Article by Diane P. Michelfelder.
Published in Ethics and Information Technology.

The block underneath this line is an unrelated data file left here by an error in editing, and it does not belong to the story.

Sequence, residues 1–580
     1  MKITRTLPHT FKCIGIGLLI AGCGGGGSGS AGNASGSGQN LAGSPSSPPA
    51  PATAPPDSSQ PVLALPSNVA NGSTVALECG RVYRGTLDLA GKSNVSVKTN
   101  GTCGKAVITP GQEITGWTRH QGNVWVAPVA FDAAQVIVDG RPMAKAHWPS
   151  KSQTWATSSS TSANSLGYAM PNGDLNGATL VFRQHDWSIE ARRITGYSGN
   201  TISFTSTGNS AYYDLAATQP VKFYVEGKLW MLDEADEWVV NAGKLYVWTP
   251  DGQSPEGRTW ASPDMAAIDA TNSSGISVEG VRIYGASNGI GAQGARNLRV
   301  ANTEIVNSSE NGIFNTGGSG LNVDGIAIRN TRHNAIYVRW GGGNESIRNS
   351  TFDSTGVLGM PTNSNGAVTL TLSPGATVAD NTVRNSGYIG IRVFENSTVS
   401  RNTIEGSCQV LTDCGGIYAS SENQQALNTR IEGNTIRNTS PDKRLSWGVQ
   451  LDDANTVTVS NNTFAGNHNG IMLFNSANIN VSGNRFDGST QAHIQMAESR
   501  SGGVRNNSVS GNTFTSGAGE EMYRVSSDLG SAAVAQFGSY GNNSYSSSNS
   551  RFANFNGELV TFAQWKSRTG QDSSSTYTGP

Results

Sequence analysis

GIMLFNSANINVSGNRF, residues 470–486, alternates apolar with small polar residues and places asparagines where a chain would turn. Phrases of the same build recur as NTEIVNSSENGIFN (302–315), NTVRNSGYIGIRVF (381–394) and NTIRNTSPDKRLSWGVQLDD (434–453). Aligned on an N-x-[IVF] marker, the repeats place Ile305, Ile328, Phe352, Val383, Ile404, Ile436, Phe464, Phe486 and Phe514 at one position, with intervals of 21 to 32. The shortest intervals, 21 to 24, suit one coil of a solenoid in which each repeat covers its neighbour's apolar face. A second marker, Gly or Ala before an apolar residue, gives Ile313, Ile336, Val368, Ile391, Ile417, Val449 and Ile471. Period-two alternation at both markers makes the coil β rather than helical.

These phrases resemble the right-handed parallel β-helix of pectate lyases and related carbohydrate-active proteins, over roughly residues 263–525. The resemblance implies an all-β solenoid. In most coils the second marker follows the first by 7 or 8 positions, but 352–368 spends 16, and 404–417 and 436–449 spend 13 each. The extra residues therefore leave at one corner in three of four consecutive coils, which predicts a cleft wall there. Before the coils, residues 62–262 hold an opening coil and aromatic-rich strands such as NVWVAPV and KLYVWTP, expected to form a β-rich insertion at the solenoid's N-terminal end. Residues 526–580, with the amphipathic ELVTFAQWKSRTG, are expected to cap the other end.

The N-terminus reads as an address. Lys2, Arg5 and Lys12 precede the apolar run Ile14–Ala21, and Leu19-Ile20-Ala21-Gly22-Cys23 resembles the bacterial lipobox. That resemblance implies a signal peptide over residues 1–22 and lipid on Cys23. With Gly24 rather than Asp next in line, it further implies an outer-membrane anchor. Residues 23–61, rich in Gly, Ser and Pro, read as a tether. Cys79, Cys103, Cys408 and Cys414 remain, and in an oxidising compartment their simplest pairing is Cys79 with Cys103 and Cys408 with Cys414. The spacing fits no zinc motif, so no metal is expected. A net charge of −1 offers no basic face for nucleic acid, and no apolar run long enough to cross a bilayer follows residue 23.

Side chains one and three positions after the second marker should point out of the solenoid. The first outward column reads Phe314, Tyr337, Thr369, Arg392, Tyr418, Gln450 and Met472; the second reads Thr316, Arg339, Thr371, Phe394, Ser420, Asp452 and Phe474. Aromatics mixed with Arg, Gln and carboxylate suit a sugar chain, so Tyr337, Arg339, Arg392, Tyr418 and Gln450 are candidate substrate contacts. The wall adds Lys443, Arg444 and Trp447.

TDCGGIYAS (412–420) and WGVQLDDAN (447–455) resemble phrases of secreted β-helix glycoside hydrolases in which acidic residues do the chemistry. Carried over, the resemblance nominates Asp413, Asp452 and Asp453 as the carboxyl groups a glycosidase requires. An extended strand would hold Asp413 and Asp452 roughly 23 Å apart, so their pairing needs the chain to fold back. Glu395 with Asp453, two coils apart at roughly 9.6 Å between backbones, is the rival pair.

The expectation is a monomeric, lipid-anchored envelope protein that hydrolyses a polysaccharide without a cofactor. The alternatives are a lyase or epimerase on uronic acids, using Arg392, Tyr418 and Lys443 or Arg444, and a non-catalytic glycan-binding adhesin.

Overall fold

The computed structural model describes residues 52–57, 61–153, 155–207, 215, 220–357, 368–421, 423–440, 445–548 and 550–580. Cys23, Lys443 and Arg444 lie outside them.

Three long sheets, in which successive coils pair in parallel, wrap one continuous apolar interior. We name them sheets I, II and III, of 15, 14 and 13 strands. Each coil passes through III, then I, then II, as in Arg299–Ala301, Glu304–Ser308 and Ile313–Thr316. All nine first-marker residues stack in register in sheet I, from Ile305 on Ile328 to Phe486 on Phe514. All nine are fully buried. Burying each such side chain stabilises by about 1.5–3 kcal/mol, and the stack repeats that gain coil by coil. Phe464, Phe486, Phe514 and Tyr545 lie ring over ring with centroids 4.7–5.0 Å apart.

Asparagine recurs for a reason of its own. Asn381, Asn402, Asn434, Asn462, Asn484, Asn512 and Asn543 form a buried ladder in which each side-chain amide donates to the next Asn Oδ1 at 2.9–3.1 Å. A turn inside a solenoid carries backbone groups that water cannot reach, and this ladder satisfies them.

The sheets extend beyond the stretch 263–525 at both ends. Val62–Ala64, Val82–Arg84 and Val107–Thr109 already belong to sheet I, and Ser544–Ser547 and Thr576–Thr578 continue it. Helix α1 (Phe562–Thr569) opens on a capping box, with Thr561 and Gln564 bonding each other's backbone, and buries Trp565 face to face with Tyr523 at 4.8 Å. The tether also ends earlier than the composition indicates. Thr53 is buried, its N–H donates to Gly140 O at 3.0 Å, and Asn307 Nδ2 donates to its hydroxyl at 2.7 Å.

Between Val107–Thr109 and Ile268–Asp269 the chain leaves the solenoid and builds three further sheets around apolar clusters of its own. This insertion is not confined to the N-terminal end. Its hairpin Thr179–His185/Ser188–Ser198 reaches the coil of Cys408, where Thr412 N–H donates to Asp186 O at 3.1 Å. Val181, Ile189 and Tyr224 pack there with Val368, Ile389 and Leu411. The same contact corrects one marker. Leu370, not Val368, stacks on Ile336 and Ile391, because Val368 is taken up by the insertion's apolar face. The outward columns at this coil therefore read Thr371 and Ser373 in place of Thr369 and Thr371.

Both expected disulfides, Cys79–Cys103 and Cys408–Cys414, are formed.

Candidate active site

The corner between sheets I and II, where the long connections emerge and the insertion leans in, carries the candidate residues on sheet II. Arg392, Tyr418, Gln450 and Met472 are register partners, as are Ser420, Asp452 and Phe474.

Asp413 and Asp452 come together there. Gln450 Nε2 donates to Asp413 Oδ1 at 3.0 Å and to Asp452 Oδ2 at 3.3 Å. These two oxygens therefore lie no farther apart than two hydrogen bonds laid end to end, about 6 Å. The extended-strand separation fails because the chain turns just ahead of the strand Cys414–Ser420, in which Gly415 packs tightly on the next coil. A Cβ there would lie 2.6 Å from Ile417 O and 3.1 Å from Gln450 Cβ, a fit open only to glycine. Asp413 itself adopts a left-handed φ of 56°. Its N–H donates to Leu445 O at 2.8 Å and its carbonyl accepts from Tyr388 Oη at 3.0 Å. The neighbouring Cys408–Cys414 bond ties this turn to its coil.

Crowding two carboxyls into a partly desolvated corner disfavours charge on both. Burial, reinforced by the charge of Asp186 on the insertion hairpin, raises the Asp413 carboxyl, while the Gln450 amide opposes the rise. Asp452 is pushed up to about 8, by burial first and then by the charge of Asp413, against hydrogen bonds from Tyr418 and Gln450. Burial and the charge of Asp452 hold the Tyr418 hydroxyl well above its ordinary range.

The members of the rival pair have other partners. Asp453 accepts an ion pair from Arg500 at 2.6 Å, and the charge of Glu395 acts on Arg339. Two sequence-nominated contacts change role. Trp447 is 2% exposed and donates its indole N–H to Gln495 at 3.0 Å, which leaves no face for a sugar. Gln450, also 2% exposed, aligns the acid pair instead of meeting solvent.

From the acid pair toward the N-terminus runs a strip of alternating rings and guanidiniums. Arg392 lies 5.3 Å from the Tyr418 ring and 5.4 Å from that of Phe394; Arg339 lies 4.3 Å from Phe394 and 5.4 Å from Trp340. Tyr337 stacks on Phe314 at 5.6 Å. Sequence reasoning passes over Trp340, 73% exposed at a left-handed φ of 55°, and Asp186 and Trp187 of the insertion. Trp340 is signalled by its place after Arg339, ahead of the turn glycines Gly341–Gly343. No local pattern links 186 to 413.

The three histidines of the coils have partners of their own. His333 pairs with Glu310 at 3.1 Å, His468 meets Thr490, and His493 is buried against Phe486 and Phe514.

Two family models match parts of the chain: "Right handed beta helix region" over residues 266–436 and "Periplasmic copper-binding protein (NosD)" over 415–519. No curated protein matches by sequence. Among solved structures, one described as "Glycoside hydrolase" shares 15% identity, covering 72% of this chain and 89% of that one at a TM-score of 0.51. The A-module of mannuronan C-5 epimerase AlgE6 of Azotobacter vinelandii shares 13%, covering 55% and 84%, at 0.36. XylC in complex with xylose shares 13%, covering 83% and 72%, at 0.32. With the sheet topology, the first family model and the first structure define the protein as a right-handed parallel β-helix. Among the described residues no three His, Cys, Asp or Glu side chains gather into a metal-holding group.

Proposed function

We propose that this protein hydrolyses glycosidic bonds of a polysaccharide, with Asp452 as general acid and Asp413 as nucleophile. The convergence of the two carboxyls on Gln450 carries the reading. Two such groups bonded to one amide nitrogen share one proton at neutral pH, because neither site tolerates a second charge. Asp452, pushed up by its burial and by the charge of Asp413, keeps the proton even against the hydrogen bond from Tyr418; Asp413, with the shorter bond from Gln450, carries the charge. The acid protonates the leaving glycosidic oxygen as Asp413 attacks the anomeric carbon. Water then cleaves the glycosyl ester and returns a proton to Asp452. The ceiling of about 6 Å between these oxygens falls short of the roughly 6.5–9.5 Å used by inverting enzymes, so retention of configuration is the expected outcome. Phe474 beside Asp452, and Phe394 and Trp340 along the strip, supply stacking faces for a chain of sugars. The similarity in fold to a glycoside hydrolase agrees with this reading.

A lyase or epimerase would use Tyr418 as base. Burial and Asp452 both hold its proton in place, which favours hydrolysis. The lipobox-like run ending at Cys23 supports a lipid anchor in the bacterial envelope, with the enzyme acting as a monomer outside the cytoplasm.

Solutions to the problem of protecting informational privacy in cyberspace tend to fall into one of three categories: technological solutions, self-regulatory solutions, and legislative solutions. In this paper, I suggest that the legal protection of the right to online privacy within the US should be strengthened. Traditionally, in identifying where support can be found in the US Constitution for a right to informational privacy, the point of focus has been on the Fourth Amendment; protection in this context finds its moral basis in personal liberty, personal dignity, self-esteem, and other values. On the other hand, the constitutional right to privacy first established by Griswold v. Connecticut finds its moral basis largely in a single value, the value of autonomy of decision-making. I propose that an expanded constitutional right to informational privacy, responsive to the escalating threats posed to online privacy by developments in informational technology, would be more likely to find a solid moral basis in the value of autonomy associated with the constitutional right to privacy found in Griswold than in the variety of values forming the moral basis for the right to privacy backed by the Fourth Amendment.